Posts tagged ‘entrepreneurial ecosystem’

Brad Feld on Entrepreneurial Leadership

I really enjoyed reading Feld’s Startup Communities, all about the Boulder, Colorado, startup ecosystem. Boulder is a fun, quirky town at the foot of the mountains, which has tremendous startup activity in technology, biotechnology, and natural foods (tea, for instance). Feld tells how entrepreneurs make their own communities through volunteer leadership, taking a bottom-up approach. Neither venture capitalists, governments, nor universities call the shots in the making of a vibrant community.

Startup Communities is partly a study in good networking, packed with examples of interesting activities like meetups, coffee clubs, and Startup Weekend. The book, however, carries broader messages about leadership, including the need for inclusiveness, community engagement, experimentation, outreach to other communities, and cultivation of new leaders. Feld has discovered how much entrepreneurs can get done without relying on government initiatives.

Still, Feld despairs of policy leadership since officials have different agendas and time frames than entrepreneurs do: “Government is going to do whatever it is going to do…” While he’s right on the mark about the importance of bottom-up leadership, he could be underestimating the capacity of entrepreneurs to become policy entrepreneurs. Entrepreneurs by nature are in a hurry, yet some do engage in policy affairs when they perceive a serious effect on their business. For example, a small group led by Sherwood Neiss, the Small Business and Entrepreneurship Council, et al made recommendations on crowdfunding for the JOBS Act. No way can entrepreneurs alone remake government, but if they are selective they can have a valuable voice. As Feld himself notes, leaders should have a vision and a 20-year commitment, so perhaps there is time for policy change too.

Kim Bettcher
CIPE

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An Entrepreneur Spring or Winter for the Arab World?

Originally posted by Brandon Nickerson on the CIPE Development Blog

This fall, I had the opportunity to attend the U.S. Egypt Business Council Luncheon honoring Entrepreneurship Scholars from the MENA Region at the US Chamber of Commerce. It was incredible to witness the level of optimism shared by these young entrepreneurs, and to hear firsthand from them on their ideas to promote job growth and encourage entrepreneurialism in their respective countries.

As I and several of my colleagues interviewed these young entrepreneurs about their thoughts on entrepreneurship and the barriers faced by young entrepreneurs in their countries, it was evident that many of them will go on to do great things.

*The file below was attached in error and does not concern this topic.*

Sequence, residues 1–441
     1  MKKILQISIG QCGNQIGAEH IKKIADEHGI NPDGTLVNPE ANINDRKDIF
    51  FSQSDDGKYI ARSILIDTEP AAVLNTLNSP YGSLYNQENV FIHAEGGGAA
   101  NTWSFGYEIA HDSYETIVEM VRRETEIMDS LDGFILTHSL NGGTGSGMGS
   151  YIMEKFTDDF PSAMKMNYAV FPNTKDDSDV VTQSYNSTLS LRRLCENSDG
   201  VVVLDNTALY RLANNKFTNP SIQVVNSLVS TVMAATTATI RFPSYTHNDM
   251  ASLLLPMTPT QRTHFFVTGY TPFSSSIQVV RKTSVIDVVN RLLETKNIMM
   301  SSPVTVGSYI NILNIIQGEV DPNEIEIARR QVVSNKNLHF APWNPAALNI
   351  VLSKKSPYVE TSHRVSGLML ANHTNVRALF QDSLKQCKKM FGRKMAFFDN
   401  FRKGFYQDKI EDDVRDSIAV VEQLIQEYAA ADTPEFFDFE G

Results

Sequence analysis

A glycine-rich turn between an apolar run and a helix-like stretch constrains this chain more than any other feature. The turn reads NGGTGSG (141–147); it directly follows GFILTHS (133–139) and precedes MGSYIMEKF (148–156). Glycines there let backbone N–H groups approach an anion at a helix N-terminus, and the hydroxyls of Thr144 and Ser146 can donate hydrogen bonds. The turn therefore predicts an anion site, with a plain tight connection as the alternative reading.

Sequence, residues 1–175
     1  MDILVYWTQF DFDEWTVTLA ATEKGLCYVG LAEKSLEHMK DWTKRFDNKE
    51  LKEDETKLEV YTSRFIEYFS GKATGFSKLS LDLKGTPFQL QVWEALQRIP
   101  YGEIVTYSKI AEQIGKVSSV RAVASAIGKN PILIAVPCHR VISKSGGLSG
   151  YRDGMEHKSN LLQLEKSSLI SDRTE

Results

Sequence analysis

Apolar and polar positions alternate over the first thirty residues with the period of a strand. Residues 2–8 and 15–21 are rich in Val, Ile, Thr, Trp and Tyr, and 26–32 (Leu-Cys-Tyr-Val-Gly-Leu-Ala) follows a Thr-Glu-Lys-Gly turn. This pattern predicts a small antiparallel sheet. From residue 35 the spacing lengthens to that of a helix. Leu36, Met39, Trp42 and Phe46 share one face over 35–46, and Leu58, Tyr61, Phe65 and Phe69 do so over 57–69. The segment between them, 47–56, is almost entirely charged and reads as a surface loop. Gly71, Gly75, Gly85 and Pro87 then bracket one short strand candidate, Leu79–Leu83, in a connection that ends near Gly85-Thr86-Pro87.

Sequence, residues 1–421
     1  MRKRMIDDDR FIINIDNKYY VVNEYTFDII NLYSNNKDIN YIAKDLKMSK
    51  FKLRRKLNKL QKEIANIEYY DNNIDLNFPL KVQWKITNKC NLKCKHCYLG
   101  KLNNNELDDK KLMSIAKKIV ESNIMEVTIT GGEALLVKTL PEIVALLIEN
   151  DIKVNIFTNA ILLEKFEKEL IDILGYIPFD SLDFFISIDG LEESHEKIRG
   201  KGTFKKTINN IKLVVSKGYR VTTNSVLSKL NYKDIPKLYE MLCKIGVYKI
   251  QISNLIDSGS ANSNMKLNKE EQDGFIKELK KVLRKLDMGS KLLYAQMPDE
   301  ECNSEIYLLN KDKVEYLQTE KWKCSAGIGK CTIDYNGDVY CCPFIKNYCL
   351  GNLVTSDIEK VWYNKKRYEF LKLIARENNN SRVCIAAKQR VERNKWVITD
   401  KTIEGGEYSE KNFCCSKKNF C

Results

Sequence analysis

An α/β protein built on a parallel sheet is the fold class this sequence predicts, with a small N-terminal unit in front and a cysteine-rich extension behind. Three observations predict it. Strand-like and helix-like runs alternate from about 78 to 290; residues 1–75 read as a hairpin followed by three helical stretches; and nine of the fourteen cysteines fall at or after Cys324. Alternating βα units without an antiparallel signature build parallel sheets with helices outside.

Whether you describe it as the “enabling environment for entrepreneurship” or the “entrepreneurship ecosystem,” job growth across the region will remain sluggish unless reforms are made to the barriers and challenges facing young entrepreneurs. Whether your business idea is contingent upon outside financing or an entrepreneurship support program, without significant reforms made to the areas that affect starting a business — property rights, access to finance, bankruptcy laws, market exit, corruption — no amount of optimism will deliver on the promise of opportunity and dignity for the average citizen. Continue reading ‘An Entrepreneur Spring or Winter for the Arab World?’ »

Principles to Jump Start an Entrepreneurial Ecosystem

“Ecosystem” has become the accepted term for describing the full range of conditions needed to support and encourage entrepreneurship. Most people now realize that neither education, financing, nor any other single factor can promote entrepreneurship without consideration for the system in which entrepreneurs function. But now that everyone is using the term “ecosystem,” what exactly does it mean?

Professor Daniel J. Isenberg at Babson College has nicely summarized the elements of an entrepreneurship ecosystem and the ways they play into a strategy to promote entrepreneurship. See his article “The Big Idea: How to Start an Entrepreneurial Revolution” in the Harvard Business Review (June 2010).

Because an ecosystem has many interrelated elements, Isenberg recommends an integrated approach to nurturing entrepreneurship instead of a one-dimensional solution. He tells policymakers to stop focusing on the Silicon Valley model—a product of special circumstances—and to look farther afield at countries such as Chile, Israel, and Rwanda. The countries that have successfully made the leap to entrepreneurial economies have taken advantage of their own local features. Isenberg wisely cautions against artificial attempts to design entrepreneurial clusters.

Continue reading ‘Principles to Jump Start an Entrepreneurial Ecosystem’ »